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Saturday, September 10, 2005 

"Dame" Eliza Manningham-Buller says forget civil liberties, stopping terrorism is more important.

It really is sad that even those in charge of the top echelons of power haven't realised this is exactly what fundamentalists of all ilks want:

The head of MI5, Dame Eliza Manningham-Buller, has publicly warned that civil liberties may have to be eroded to prevent future terrorist attacks in Britain.

Dame Eliza's decision to disclose her comments - first made at a private gathering in the Netherlands - is significant, given that she touches on a controversial issue at the heart of the government's political agenda.

Dame Eliza said she recognised rights had been hard fought for. "But the world has changed and there needs to be a debate on whether some erosion of what we all value may be necessary to improve the chances of our citizens not being blown apart as they go about their daily lives."

The MI5 head gave her warning in a speech in the Hague on September 1 to commemorate the 60th anniversary of the Dutch security service, the AIVD. She subsequently decided it should be published and it was posted yesterday on MI5's website.

Dame Eliza described what she calls a "central dilemma - how to protect our citizens within the rule of law when intelligence does not amount to clear-cut evidence and when it is fragile". It is in this context that she warned of the potential erosion of civil liberties.

Tony Blair has repeatedly asserted that the security services backed the government's system of control orders - restricting people's liberties without a trial in a court of law.

State prosecutors have also said that the 14 days the police can now hold suspect terrorists before they are charged or released is too short.

Government lawyers and MI5, meanwhile, want a system of "intelligence only" interviews - a kind of plea bargaining whereby valuable information provided by a suspect would be taken into account in the subsequent trial.

Security sources said yesterday that Dame Eliza was not advocating particular proposals put forward by the government, notably control orders, deportations, and far more broadly-defined offences in new anti-terror laws which would not require the evidence now needed to secure a conviction.

But her message was clear: information acquired through intelligence gathering was often insufficient to allow police and prosecutors to bring criminal charges, yet that information could prevent a terrorist attack if the suspects were rounded up.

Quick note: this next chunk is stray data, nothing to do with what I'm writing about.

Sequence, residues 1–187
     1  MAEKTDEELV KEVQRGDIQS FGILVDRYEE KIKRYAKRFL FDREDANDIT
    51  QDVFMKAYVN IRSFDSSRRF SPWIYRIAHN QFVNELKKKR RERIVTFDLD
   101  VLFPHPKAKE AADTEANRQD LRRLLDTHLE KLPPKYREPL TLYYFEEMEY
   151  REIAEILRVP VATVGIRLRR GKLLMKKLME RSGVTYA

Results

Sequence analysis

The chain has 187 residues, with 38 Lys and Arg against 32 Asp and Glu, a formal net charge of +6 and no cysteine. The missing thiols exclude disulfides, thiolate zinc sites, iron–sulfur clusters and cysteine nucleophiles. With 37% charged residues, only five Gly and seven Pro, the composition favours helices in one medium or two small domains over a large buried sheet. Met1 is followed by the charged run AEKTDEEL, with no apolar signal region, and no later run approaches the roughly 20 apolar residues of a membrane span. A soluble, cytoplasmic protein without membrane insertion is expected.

Her comments are rather measured, it has to be said. Shami Chakrabarti, head of Liberty, has said that her remarks are a lot more reasonable than those by politicians, especially the Prime Minister. Despite this, "Dame" Eliza is just as much the problem as she is the solution. Her organisation still refuses to allow wiretap surveillance evidence to be used in the courts as they fear it would expose their practices. It's ignorant decisions such as these that are leading to alleged extremists being deported to countries that practice torture, rather than trying them here. Secondly, the world has not changed. Only the politicians believe that the world has changed, in America more than elsewhere. They have seized on the terrorist attacks of the last few years to push their own agendas which were already well pre-planned. The gradual removal of rights, the use of identity cards and CCTV has grown massively year on year, with hardly any questions being asked, especially about the latter.

More than anything, we need to get terrorism into perspective. They (whoever they is) do not threaten the life of this nation. As Lord Bingham said, it's bad laws that threaten the life of the nation, not terrorists who only managed to kill 52 people with their pathetic attacks. That is not to belittle those who died. As I have said before, would those who died have wanted their deaths to be used as an excuse to limit civil liberties? We're not only rewarding the use of violence, we're also disrespecting their memory. Only by challenging beliefs, by not reducing those they view as their brothers to shreds in Iraq and Afghanistan, by pushing for a balanced solution to the Israel/Palestine conflict will we improve our safety. In the mean time, what is needed is improved intelligence on those in this country who do pose a threat, not draconian measures which impact on all of us.

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